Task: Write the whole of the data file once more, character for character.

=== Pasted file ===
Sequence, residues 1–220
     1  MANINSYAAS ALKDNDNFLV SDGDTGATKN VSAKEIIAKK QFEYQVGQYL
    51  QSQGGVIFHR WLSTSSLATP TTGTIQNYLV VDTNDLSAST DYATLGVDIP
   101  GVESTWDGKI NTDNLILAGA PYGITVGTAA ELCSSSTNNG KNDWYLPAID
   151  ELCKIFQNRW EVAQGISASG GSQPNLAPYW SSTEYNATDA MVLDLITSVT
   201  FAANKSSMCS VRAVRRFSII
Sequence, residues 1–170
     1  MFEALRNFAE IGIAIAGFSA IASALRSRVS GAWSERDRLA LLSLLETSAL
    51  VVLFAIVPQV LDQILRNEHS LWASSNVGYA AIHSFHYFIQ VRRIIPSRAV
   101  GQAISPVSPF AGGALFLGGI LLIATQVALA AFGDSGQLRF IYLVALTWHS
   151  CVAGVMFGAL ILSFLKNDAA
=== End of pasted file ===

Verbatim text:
Sequence, residues 1–220
     1  MANINSYAAS ALKDNDNFLV SDGDTGATKN VSAKEIIAKK QFEYQVGQYL
    51  QSQGGVIFHR WLSTSSLATP TTGTIQNYLV VDTNDLSAST DYATLGVDIP
   101  GVESTWDGKI NTDNLILAGA PYGITVGTAA ELCSSSTNNG KNDWYLPAID
   151  ELCKIFQNRW EVAQGISASG GSQPNLAPYW SSTEYNATDA MVLDLITSVT
   201  FAANKSSMCS VRAVRRFSII
Sequence, residues 1–170
     1  MFEALRNFAE IGIAIAGFSA IASALRSRVS GAWSERDRLA LLSLLETSAL
    51  VVLFAIVPQV LDQILRNEHS LWASSNVGYA AIHSFHYFIQ VRRIIPSRAV
   101  GQAISPVSPF AGGALFLGGI LLIATQVALA AFGDSGQLRF IYLVALTWHS
   151  CVAGVMFGAL ILSFLKNDAA